By Nicole Panzo
What is the new normal for us? Is it staying at home, or is it putting our health at risk to go out and buy our needs during this lockdown?
As the coronavirus continues to spread globally, people are again concerned about lockdowns. In reaction to this, many have sacrificed their mental health at home and started to panic buy food, cleaning materials, and medical supplies.
Aside from vaccine rollouts, panic buying is one of the top news reports of the COVID-19 pandemic. After the government announced the lockdown in NCR and other provinces, many families in the affected areas started purchasing groceries in bulk. These included alcohol, toiletries, protective equipment, food, and other supplies from the market. People rush to supermarkets preparing for a lockdown.
The new normal we’re forced to live in has brought disruption to our behavior as customers. Now, we can’t help but fear that we will run out of specific products or goods, making us buy items in large quantities. This is true not only in the Philippines but around the world. People are quickly going to their local supermarkets to stock up on foods and household items—but should you?
Here are some tips for planning your shopping and avoiding panic buying:
Be smart. Plan your shopping trips well. Shopping for goods is considered an essential service, but panic buying or hoarding is not necessary. Take a look at what you already have in your pantry for you to know what you need and what you don’t need. Most people irrational buy more than they need. But in these times, always remember to shop smart to avoid product or food waste.
2. Make a shopping list
First things first! Make yourself a shopping list and stick to it. Not only will this save you time, but also money. Get started by listing down the essentials that you need to stock up. You may also list their alternatives if ever you find an item out of stock. Having a list is very important but is often overlooked. But a simple note-taking app with all your essential items could save you so much energy at the grocery.
3. Avoid over-purchasing
The goal is to be prepared and buy essential items only. Commit to your list when shopping. This will help you avoid impulse buying and unnecessary roaming around the supermarket.
4. Stock up on essentials
When we say essential supplies, it is a weeks’ worth of basic goods. Prioritize these on your list to keep you well-fed for a few weeks or months. Focus on food that doesn’t go bad in few days. Make frequent shopping trips to the market every few weeks or months than doing a bulk shopping trip once. This way, you leave supplies for other families to buy, and you don’t waste expired food.
Panic buying can have adverse effects on the market. Assess what you have, plan your meals, and take some time to control your portion. Avoid food waste, consume good food, and stay hydrated. It’s essential to resist the urge to hoard supplies.
Supermarkets in critical areas have already implemented rules on the quantity that can be purchased per person. To ensure enough of the supply of necessities and some essential medical supplies in the market, the Department of Trade and Industry (DTI) has set these limits on the sale of all items.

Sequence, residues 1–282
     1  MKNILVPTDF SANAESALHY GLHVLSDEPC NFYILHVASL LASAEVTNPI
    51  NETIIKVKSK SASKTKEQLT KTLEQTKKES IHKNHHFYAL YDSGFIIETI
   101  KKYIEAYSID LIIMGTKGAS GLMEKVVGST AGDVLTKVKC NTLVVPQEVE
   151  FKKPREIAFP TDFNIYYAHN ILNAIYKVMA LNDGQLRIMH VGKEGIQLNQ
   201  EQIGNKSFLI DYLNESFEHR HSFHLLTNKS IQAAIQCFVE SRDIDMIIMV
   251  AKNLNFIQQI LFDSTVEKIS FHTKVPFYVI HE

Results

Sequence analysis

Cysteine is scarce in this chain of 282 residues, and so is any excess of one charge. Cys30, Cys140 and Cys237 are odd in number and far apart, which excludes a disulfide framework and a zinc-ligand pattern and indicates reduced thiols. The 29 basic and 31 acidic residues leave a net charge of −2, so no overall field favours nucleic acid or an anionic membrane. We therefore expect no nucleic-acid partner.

Below is a guide to knowing what you need and what you don’t need in your shopping list during this pandemic to avoid over-purchasing supplies from the market.
Essential shopping items when shopping during a lockdown:
Canned items are great to have around. Canned goods have a longer shelf life. It’s best to stock up canned goods to be prepared in case of emergencies. Do not fill your freezer with lots of frozen foods. Unlike canned items, frozen foods don’t last forever, and you don’t want to be wasteful.
Don’t hoard protective equipment such as face masks and sanitizers. If there is an apparent lack of supply, make sure you only shop for what you need. That means you take what’s enough for you and your family.
Everyone should have a first aid kit at their home. Now is an excellent time to make sure that drugs are in the list of your shopping list. Make sure your kit includes a thermometer, multivitamins, cough medicine, allergy medicines. Make sure you also have the basic medications for common illnesses, especially during the rainy season.
Always remember that thoughts are not facts. Before you panic, always think first and allow rationality to guide you. First, ask yourself what evidence you are using to prove that all your fearful thoughts are true?
Listen more and see reliable sources to offer you accurate information. Check every circulating news or image if they are from reliable sources. They may have been used to spread panic buying on social media. It is essential to keep updated with correct information. Believing in wrong information is what often starts panic.
Stay at home all the time unless you need to leave for essential items. It is a good idea to check out your local option for your shopping delivery to avoid going out of your house.
Wear a face mask and face shield when you are outside shopping. Avoid groups of people.
In times of uncertainty, we often act on an impulse to keep ourselves safe. But in this time of a pandemic, we need to think of safety as a community effort. You can do your part in helping your community by avoiding panic buying. If we only buy what we need, there is enough for everyone.
Shopping can be stressful at the best of times, what more now that we are currently experiencing this COVID19 pandemic, for the people affected during the lockdown, it’s even more challenging to shop. Fortunately, there are house and lots near commercial establishments like Camella’s master-planned communities. Here, homeowners can conveniently plan and shop their needs to avoid panic buying.